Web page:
While this trickery seems fraudulent to the modern researcher, it must be remembered that show business and dancing schools had as their first mission to survive and second to make money and third to have a modicum of prestige, so that whatever had to be done to hoodwink the public was considered acceptable. The Vestoff-Serova Russian School of Dance therefore offered popular and classical dance for the public but also specialized in training would-be teachers. A visit to the school on a given day would see the teaching of Baby Dance to 2 to 6 year olds, Vestoff teaching toe dancing technique, Serova teaching Nature Dancing which became a vogue in America despite being vaguely defined.

Vestoff was entrepreneurial too, producing a 200 page volume on home dance instruction complete with abundant illustrations and attempting to take European terminologies and simplify them into clear English. He promised a complete home-study course in 36 lessons. Part of the dance instruction you got at the “Russian” academy of dance that they ran included how to package and sell yourself and make best use of your particular abilities. Vestoff continued to write books and articles which were respected and widely transmitted around the country throught he 1920s-1940s.

Serova was also a writer, having put forth her instruction guide to Nature https://img0.etsystatic.com/068/1/5473384/il_570xN.786903310_jd11.jpgDancing as early as 1916: The Poetry of Motion. Her particular aesthetic guide for her dance art came from a study of ancient Greek athletics and the depictions of movement on ancient black and red figure vases depicting athletes in the pursuit of perfection in their contests. Her ideas of creative, expressive movement among babies became a national trend and is still part of training of infants at dance schools across the country, embodied in her book Baby Work, published in 1917, shortly before the birth of her own daughter. School students, including even the babies, gave recitals annually at Carnegie Hall. She produced a whole series of manuals for children interested in dance over the years after the huge success of her work Baby Dance.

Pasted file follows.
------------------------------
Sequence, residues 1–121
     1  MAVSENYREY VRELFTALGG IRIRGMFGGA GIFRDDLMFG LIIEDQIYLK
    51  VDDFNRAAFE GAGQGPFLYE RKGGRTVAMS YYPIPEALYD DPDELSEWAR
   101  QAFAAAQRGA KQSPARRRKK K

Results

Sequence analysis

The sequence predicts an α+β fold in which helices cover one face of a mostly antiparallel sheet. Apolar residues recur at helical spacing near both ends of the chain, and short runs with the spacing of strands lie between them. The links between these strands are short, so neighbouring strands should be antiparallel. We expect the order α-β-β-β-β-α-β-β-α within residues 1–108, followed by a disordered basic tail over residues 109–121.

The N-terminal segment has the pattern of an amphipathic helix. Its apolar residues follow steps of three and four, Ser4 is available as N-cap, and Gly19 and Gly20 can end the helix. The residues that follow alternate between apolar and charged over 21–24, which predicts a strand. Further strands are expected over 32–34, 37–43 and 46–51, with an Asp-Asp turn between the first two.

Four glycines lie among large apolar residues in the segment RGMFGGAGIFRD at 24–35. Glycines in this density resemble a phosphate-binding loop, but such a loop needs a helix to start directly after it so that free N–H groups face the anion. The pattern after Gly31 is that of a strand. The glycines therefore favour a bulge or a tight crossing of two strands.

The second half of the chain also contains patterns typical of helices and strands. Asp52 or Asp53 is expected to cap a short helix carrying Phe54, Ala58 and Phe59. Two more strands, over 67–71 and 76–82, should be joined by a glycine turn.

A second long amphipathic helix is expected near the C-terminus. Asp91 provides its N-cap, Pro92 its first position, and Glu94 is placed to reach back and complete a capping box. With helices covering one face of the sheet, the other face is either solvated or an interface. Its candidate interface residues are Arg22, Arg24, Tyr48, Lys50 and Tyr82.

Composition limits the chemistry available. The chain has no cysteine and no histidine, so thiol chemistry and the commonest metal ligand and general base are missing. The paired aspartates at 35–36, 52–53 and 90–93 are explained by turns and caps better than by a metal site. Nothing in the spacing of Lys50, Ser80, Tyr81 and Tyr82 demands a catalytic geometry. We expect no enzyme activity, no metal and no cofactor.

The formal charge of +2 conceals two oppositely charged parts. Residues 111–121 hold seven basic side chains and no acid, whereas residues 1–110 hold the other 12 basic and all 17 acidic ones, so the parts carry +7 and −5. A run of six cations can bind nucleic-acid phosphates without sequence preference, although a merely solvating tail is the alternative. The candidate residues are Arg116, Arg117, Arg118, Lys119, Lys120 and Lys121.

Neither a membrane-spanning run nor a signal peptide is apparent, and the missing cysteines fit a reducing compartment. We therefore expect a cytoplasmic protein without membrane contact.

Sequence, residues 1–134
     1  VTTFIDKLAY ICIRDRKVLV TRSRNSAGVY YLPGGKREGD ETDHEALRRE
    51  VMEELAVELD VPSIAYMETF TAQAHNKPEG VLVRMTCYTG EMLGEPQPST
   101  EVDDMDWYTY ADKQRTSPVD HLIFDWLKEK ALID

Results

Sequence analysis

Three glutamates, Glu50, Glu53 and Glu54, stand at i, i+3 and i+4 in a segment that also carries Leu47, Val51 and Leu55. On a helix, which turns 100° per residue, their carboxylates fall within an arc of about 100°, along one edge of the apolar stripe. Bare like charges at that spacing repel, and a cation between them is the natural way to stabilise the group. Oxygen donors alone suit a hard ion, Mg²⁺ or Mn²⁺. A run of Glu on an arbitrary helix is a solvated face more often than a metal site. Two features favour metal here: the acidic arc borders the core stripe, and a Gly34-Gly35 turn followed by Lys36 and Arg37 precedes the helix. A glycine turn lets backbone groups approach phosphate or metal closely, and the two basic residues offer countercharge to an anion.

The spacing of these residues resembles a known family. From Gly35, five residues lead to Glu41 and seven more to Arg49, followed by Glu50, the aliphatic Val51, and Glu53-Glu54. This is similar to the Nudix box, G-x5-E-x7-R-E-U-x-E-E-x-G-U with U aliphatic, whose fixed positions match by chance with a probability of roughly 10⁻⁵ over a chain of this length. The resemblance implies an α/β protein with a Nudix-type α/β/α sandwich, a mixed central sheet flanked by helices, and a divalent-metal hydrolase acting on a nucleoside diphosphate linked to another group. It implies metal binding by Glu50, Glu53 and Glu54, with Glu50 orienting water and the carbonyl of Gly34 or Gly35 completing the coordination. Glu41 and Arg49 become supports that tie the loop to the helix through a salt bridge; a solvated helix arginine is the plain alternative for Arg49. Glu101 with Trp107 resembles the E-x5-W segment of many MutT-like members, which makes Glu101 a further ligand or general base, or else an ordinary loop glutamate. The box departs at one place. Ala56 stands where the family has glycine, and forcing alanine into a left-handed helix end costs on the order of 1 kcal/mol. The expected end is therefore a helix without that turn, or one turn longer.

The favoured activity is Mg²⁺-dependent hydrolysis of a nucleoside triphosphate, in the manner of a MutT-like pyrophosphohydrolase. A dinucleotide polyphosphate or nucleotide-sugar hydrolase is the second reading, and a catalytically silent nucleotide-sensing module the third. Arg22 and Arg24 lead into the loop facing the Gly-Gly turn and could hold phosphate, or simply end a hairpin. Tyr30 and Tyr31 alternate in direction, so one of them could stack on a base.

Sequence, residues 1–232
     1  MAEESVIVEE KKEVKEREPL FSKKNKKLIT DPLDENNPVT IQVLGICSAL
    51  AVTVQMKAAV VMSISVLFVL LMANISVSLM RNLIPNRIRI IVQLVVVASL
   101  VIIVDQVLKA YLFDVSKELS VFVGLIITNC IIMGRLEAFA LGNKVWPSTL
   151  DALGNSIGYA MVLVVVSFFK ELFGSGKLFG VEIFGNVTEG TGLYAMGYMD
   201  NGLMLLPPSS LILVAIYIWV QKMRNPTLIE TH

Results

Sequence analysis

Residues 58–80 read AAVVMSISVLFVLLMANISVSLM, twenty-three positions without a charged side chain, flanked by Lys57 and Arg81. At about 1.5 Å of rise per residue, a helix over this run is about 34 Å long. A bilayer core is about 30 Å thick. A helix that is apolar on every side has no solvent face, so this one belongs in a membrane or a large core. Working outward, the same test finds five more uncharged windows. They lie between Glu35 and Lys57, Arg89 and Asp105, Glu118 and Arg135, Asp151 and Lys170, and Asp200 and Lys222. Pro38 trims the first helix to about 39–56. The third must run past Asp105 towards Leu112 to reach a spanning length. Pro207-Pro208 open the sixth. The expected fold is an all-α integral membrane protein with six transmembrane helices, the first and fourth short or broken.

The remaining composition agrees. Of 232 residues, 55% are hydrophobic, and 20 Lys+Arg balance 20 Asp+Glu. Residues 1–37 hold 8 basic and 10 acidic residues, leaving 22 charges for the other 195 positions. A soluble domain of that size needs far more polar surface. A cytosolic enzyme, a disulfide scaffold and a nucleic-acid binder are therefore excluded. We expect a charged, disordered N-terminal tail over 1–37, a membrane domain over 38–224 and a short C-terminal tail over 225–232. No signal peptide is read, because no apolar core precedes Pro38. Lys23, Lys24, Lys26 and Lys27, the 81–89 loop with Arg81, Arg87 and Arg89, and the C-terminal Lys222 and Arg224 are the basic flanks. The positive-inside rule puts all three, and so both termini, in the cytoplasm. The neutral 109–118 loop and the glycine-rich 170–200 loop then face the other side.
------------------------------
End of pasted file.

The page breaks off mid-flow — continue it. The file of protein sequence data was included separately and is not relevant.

They have been called “pragmatic revisionists” because they believed i reviving age-old traditions of classical dance, especially the connection to the ancient classical world, while at the same time citing the need to eliminate what they considered to be frivolous interpretive dancing by those choreographers and dancers who did not take time to learn the ancient classical traditions of movement. Artistic, yet commercially savvy, they knew that short classes with them could give would-be teachers or dancers a great item for their resume while not taking years out of their lives. Having been hugely successful at their business and intellectual enterprises, they are considered among the most important developers of the popularity of dance in America.

box folder

47 6 Dance program, Dance of the Witches: group dance for 6 babies, dance arr. by Sonia Serova, Dance of the Witches (reference photocopy), 1922-23 undated

47 7 Publications

Baby Work by Sonia Serova, undated (after 1917)

Nature Dancing: a text-book to perfect natural movement (cover subtitle: The poetry of motion) by Sonia Serova, undated (after 1916)

Talented Tots by Sonia Serova, 1925

Name: Serova
Topics: Dancers